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Hurricane Ida, one of the most powerful hurricanes in history to reach the United States, hit the coast of Louisiana last Sunday with the full force of its 150 miles per hour (240 km/h) winds, in fear that New Orleans could relive the devastation caused just 16 years ago by Cyclone Katrina.
New Orleans, which is on the northeast side of the track pattern, the most dangerous because of the strength of its winds and rainfall, is already suffering from Ida, which, according to the National Weather Service (NWS), could cause a “catastrophic” storm surge, “extreme” winds, flooding and flash flooding throughout the region.
Of greatest concern are the levees protecting the city from Lake Pontchartrain, which broke in 2005, flooding the city and killing more than 1,800 people, and which the current governor, John Bel Edwards, said will have to pass a “very serious test” with this Category 4 hurricane.
Orlando Bermudez, NWS meteorologist, explained Sunday to the press in a teleconference that if the storm surge is expected to exceed 16 feet (4.8 meters) above sea level, the water will certainly exceed the levees.
To this “very critical” situation should be added the forecast of heavy rains that could leave a total of up to 24 inches (60 centimeters) of rainwater in southeastern Louisiana and the southern tip of the state of Mississippi until Monday, in what he called “imminent danger”.
The city’s mayor, LaToya Cantrell, who on Friday had ordered a mandatory evacuation of people living outside the levee system, said Sunday at the last news conference before the worst of Ida arrives that the only way to get through the ordeal is to be united.
“We’re going to get through this together,” he said in an appearance in which the main message was that people in the city should seek shelters immediately and that the multimillion-dollar investment made in the levee system since 2005 will save the city this time, even though Ida is much more powerful than Katrina (Category 3) was.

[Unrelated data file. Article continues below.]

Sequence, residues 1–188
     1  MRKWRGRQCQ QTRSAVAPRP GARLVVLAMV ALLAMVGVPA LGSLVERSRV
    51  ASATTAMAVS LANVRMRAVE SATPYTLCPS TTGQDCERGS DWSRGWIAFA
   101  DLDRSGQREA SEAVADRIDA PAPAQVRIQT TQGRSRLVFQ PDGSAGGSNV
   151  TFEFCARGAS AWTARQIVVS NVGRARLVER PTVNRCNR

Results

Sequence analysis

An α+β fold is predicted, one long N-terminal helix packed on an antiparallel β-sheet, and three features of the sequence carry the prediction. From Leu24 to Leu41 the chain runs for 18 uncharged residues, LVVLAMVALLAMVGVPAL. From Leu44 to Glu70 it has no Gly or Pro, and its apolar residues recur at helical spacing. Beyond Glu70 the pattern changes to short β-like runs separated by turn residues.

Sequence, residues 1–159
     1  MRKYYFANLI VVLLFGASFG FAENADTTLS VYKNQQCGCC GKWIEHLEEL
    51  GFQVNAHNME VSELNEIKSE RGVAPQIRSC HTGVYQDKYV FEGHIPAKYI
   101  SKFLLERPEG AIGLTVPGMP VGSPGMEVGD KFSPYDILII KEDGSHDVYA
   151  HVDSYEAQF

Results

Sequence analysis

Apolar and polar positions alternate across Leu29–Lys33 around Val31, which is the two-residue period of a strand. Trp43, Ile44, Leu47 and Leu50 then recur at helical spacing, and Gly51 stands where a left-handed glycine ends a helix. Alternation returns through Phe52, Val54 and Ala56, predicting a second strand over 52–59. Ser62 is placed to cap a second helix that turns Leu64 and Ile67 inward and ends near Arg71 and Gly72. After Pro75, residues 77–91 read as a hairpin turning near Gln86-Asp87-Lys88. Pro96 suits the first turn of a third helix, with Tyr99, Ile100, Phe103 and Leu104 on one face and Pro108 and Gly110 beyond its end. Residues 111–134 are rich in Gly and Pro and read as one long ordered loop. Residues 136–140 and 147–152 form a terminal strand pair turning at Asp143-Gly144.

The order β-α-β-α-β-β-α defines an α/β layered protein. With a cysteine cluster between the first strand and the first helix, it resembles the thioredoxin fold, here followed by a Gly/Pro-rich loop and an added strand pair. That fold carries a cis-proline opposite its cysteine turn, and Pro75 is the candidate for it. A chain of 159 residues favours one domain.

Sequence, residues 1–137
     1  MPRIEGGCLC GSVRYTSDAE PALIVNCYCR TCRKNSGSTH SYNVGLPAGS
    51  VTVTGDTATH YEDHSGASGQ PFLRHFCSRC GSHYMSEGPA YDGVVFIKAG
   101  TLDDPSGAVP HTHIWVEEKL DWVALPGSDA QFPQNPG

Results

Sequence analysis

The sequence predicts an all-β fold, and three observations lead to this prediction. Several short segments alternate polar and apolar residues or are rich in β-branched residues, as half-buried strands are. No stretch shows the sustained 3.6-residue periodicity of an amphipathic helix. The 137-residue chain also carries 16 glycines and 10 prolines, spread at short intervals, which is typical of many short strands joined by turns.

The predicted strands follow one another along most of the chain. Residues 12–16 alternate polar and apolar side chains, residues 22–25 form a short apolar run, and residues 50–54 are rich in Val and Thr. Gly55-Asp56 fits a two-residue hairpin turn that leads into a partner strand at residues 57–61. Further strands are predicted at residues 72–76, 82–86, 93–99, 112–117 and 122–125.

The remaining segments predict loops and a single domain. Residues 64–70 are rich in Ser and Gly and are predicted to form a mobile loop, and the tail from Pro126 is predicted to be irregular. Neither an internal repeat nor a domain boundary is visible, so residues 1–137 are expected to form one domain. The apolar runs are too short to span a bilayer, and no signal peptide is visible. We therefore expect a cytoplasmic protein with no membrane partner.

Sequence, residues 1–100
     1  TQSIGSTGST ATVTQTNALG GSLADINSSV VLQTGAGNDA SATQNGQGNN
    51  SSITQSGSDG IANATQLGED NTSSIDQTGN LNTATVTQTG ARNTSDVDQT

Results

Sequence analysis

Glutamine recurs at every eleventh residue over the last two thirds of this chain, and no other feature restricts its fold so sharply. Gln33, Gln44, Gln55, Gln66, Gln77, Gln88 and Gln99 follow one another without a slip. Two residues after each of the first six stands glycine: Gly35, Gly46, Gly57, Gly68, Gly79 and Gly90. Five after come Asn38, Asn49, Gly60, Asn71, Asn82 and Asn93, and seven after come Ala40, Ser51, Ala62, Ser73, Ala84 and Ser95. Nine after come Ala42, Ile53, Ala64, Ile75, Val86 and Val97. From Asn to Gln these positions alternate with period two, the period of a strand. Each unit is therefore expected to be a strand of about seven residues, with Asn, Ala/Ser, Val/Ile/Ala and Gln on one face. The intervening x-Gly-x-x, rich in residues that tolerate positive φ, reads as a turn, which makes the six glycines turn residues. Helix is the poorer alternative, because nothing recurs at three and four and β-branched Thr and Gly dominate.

Hurricane Ida’s force winds extend up to 50 miles (80 km) from its center and the eye of the cyclone is expected to pass only about 30 miles (50 km) west of New Orleans.
The city already has the outer bands of the hurricane, which made landfall at 11.55 local time (16.66 GMT) near Port Fourchon, through which about 18% of the U.S. domestic oil supply passes, according to data from the local Chamber of Commerce.
According to the latest available data, Ida is moving at 13 miles per hour (20 km/h) and is heading northwest, which would lead the center of the hurricane to pass in the next few hours over or very close to the city of Baton Rouge, capital and second most populous city in the state, behind New Orleans, with about 220,000 inhabitants.
Hurricane Ida will be historic
Radar and reconnaissance aircraft data indicate that Ida’s maximum sustained winds at landfall were estimated at 150 mph (240 km/h), according to the National Hurricane Center (NHC).
It thus equaled Laura, which made landfall just under a year ago on August 27, 2020, very close to where Ida made landfall this Sunday, and the 1856 Last Island cyclone as the strongest hurricanes on record in the state of Louisiana.
The last estimated minimum central pressure before Ida made landfall was 930 millibars, making Ida also one of the strongest hurricanes in history to make landfall in the United States, according to the National Oceanic and Atmospheric Administration (NOAA).
The possible consequences of Ida that have been drawn by national and local authorities are devastating and not for less, since it was 7 miles per hour (11 km/h) away from reaching the maximum category on the Saffir-Simpson scale (5), which measures hurricanes by the strength of their winds.
Even so, according to the NHC, homes suffering from a Category 4 hurricane can easily lose their roofs and exterior walls, most trees are broken or uprooted, and most of the area can be “uninhabitable for weeks or months.”
Against this backdrop, the governors of Louisiana and Mississippi asked the federal government to declare an emergency, and President Joe Biden granted it in order to speed up the delivery of material, personnel and funds to deal with the possible consequences of Ida.
More than 2,400 Federal Emergency Management Agency (FEMA) personnel have already been deployed in the region, in addition to 12 search and rescue teams and a hundred ambulances.